Trucks were towed and tents, food stands and other structures set up by the demonstrators were torn down.

Ottawa interim police chief Steve Bell told a news conference “very important progress” had been made on day two of the operation to clear the protesters, though he cautioned it was “not over.”

On side streets around the parliament, a police message boomed by loudspeaker urged die-hard demonstrators, “You must leave, (or) you will be arrested.”

A few hundred ignored the order, braving bone-chilling cold into the night while waving Canadian flags, setting off fireworks at a barricade and singing the 1980s rock anthem, “We’re Not Gonna Take It.”

Bell said 170 people had been arrested since the start of the operation, 47 of them on Saturday.

He also called out parents for putting their children “at risk” by bringing them “to the front of our police operation.”

As tensions ratcheted up, police used what they called a “chemical irritant”—apparently pepper spray—against protesters, who they said were being “assaultive and aggressive,” launching gas canisters at officers.

Organizers of the so-called “Freedom Convoy” meanwhile accused police of beating and trampling demonstrators, telling supporters to leave “to avoid further brutality.”

Largest ever operation

Some truckers had chosen to depart on their own as the police closed in, driving their 18-wheelers away after weeks of demonstrations that at their peak drew 15,000 to the capital.

Others were defiant. “I’m not leaving,” said Johnny Rowe at the start of the day.

“There’s nothing to go back to,” he told AFP. “Everybody here, myself included, has had their lives destroyed by what’s happened in the past two years.”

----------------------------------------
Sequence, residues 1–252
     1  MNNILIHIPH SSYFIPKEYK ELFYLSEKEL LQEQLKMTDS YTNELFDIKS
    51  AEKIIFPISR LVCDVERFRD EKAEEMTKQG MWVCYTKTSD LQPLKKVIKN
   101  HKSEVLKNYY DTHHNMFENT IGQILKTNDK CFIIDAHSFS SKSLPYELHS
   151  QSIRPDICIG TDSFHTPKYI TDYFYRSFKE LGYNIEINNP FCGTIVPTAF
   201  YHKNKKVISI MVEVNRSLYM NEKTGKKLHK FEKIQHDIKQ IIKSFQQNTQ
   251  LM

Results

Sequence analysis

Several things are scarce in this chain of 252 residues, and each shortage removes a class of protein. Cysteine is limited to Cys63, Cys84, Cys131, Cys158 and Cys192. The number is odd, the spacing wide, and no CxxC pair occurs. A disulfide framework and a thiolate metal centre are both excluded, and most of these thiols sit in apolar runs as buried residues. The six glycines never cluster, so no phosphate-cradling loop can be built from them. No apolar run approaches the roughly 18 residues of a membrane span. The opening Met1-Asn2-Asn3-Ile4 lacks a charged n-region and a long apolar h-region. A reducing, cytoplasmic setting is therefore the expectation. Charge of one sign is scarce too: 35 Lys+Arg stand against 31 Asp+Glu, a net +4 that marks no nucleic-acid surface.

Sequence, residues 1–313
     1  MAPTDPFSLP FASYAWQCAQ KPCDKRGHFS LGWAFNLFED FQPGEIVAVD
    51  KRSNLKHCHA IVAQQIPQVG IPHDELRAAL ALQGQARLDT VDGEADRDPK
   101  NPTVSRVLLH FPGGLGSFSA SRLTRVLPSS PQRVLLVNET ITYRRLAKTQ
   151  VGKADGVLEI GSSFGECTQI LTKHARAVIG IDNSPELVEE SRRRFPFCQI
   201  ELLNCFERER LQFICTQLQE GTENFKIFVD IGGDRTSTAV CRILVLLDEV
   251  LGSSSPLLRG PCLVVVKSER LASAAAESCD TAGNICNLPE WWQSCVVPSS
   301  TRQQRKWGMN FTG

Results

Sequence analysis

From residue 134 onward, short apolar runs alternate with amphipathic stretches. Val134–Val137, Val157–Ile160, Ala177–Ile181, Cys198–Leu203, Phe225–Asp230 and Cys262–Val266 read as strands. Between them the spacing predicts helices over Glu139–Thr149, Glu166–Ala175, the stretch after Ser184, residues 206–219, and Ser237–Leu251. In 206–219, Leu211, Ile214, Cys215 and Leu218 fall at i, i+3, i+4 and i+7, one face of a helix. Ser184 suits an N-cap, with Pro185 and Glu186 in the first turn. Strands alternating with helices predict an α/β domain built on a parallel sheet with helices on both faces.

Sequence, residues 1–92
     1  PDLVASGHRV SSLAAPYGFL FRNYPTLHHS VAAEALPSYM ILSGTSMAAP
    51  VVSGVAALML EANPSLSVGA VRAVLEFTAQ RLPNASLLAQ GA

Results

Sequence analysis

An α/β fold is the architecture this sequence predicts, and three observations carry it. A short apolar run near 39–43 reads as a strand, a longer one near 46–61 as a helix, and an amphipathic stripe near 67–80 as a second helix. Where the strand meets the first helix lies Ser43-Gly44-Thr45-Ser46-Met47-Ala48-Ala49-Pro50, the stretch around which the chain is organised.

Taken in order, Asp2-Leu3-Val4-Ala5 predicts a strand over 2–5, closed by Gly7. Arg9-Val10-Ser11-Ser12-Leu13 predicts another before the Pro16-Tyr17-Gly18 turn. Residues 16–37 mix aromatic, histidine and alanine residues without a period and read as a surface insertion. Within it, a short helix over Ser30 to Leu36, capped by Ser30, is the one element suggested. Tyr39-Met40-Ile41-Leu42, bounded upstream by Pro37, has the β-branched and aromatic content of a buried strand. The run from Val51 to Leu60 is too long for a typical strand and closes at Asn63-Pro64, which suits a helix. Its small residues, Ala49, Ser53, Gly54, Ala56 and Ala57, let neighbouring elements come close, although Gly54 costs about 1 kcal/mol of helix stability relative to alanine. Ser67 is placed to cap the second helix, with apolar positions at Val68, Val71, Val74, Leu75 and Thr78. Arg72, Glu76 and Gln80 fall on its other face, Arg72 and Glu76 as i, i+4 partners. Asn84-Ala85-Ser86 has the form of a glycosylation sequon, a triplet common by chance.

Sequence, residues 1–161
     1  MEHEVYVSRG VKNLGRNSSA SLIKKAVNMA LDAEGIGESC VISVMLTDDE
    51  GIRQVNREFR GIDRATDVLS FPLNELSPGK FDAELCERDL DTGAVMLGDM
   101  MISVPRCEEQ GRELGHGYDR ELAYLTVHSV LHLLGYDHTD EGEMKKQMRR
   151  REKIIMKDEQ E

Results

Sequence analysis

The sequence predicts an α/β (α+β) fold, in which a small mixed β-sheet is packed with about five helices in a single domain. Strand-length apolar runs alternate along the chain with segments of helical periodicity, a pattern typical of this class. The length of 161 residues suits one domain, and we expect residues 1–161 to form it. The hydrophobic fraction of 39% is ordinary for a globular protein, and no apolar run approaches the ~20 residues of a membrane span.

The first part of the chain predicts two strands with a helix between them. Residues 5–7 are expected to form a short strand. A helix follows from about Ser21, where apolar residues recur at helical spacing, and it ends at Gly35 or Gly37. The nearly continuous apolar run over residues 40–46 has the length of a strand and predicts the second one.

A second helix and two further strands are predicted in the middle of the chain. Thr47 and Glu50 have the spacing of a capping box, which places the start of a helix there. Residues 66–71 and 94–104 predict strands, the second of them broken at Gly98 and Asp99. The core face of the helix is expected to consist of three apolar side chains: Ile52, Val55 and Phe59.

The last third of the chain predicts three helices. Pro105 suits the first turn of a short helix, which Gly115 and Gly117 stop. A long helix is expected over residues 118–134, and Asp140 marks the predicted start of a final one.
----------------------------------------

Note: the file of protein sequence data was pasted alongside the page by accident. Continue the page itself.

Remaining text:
“I’m freezing my ass off, but I’m staying,” echoed a protester who gave his name only as Brian.

An AFP journalist also observed a steady flow of protesters leaving the area.

“We’re taking it somewhere else,” said musician Nicole Craig, her husband Alex adding: “Even if the truckers have left town, the protest will continue. This fight is not over.”

Within minutes of deploying Saturday morning, police had claimed a section of road in front of the prime minister’s office.

Officers pointed guns as they smashed truck windows and ordered occupants out, with smoke filling the air.

As the operation unfolded outside parliament, inside the complex, lawmakers resumed debating Prime Minister Justin Trudeau’s controversial use of emergency powers—for the first time in 50 years—to subdue the protests.

The Ottawa police operation was the largest ever seen in the capital, drawing hundreds of officers from across the nation.

Bell said police had opened several criminal investigations “that relate to the seizure of weapons.”

And he warned participants in the protest that authorities—who’ve already frozen Can$32 million in donations and bank accounts—“will actively look to identify you and follow up with financial sanctions and criminal charges.”

Debating emergency powers

The Canadian trucker convoy, which inspired copycats in other countries, began as a protest against mandatory Covid-19 vaccines to cross the US border.

Its demands grew, however, to include an end to all pandemic rules and, for many, a wider anti-establishment agenda.

At its peak, the movement also included blockades of US-Canada border crossings, including a key trade route across a bridge between Ontario and Detroit, Michigan—all of which have since been lifted after costing the economy billions of dollars, according to the government.

Criticized for failing to act decisively on the protests, Trudeau this week invoked the Emergencies Act, which gives the government sweeping powers to deal with a major crisis.

But lawmakers split over their use.

Trudeau has said the act was not being used to call in the military against the protesters and denied restricting freedom of expression.

The objective was simply to “deal with the current threat and to get the situation fully under control,” he said. “Illegal blockades and occupations are not peaceful protests.”

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